Don't look now, but a surprising overseas giant is setting its sights on swiping market share from Comcast (Nasdaq: CMCSK), DIRECTV (Nasdaq: DTV), and other cable and satellite television companies.

The Wall Street Journal is reporting that Sony (NYSE: SNE) -- yes, the same Sony that angered gamers after PlayStation-related hackings and outages -- is exploring the launch of a premium television service.

It seems outlandish given Sony's reputation around here, but there's a method to the Japanese consumer electronics giant's madness. There are plenty of homes with Web-tethered Sony televisions, Blu-ray players, and PS3 gaming consoles. Despite the embarrassing hacking incidents, Sony already has a large universe of connected devices. If it can convince enough cable networks and video content creators to hop aboard, why can't it offer a broadband television service at a steep discount to what traditional cable providers are charging?

Slam Sony all you want for its consumer missteps in the past, but you will forgive the company if it can shave some serious money off your monthly cable bill.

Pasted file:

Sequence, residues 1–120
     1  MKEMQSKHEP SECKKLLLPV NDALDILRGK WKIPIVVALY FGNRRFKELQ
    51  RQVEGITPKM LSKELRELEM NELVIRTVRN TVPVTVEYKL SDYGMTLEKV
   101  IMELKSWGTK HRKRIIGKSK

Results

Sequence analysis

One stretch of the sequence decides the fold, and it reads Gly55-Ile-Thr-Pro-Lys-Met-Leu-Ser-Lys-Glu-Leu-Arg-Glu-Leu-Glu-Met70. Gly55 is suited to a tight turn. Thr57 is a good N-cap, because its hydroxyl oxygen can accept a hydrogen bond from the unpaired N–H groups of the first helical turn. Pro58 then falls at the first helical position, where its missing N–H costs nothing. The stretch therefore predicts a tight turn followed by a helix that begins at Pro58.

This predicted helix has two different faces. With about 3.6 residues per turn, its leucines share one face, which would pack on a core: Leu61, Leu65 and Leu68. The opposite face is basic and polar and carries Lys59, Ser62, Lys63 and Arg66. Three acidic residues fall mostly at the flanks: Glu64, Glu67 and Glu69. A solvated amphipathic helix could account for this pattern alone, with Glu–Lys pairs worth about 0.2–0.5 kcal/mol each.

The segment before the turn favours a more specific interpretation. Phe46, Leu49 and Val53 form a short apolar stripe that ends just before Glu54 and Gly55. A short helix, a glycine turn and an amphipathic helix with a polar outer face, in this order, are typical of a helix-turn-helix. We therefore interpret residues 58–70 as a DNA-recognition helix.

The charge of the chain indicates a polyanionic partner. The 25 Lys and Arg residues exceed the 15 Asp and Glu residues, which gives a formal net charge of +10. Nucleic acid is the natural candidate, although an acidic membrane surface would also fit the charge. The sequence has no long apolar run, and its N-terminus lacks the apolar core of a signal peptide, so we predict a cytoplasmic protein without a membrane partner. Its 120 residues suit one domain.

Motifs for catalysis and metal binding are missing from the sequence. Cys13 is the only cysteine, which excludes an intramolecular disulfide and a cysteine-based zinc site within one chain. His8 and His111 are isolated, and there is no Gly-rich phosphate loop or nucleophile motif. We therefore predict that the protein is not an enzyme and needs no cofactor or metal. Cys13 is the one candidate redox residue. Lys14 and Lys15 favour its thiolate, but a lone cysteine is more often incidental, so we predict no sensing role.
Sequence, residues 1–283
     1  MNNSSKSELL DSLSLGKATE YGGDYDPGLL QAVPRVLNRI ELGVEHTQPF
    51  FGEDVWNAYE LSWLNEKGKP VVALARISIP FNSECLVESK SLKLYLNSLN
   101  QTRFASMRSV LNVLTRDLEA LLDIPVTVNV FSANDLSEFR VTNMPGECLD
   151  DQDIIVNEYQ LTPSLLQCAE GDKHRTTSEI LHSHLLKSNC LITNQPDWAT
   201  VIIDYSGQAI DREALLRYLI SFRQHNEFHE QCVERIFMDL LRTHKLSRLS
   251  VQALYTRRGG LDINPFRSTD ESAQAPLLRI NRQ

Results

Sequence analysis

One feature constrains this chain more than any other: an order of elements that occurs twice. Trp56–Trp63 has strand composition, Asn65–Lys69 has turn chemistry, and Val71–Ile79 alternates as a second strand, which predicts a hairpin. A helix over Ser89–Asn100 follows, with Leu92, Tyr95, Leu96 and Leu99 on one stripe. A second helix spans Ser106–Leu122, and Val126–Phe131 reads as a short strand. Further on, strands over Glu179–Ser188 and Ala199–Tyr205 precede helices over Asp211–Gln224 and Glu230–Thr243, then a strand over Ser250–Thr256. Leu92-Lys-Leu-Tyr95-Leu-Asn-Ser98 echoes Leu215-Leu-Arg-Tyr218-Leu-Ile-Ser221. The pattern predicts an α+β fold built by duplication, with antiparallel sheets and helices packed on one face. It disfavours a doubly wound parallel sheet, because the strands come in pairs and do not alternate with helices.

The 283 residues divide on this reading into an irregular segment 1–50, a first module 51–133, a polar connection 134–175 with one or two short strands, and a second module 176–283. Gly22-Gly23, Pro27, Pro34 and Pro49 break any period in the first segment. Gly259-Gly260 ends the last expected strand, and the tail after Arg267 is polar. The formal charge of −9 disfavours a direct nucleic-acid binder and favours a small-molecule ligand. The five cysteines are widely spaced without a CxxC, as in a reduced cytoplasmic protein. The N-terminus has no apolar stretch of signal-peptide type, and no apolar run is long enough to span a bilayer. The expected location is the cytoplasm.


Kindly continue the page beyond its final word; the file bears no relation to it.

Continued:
Unfortunately, it's not as easy as that. Sony has to get the programming first. Sony is blessed with plenty of proprietary content, but it needs cable channels to buy in. They won't. If they give consumers what they want -- the ability to pay less and cherry-pick the channels that they actually watch -- it will mean more in lost revenue from cancellations through its larger cable, satellite television, and broadband television customers.

Netflix (Nasdaq: NFLX) has been here before, and cable networks and show producers only offered up past seasons of hit shows. Sony can't aim to become "rerun TV" the way that Netflix has on the streaming end. Hulu offers fresher televised content, but that is largely because it continues to be owned by the actual networks providing the shows.

Sony's own productions won't be enough. It needs at least a few of the big cable companies to play along.

The Journal's sources say that Sony has already approached Discovery (Nasdaq: DISCK), Fox parent News Corp. (Nasdaq: NWSA), and even Comcast's NBCUniversal. It's hard to see Comcast letting this happen, and Discovery has too many second-tier channels to risk getting shut out of major pay TV services if it plays nice with Sony. Then again, Sony and Discovery are already chummy through the 3net 3-D channel the two launched along with IMAX (NYSE: IMAX), so at least there's a working relationship already there.

Sony's heart is in the right place here, but it's going to face a lot of resistance in getting this service off the ground. For once, consumers have a good reason to root for Sony.

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Longtime Fool contributor Rick Munarriz calls them as he sees them. He does not own shares in any of the stocks in this story, except for Netflix. Rick is also part of the Rule Breakers newsletter research team, seeking out tomorrow's ultimate growth stocks a day early.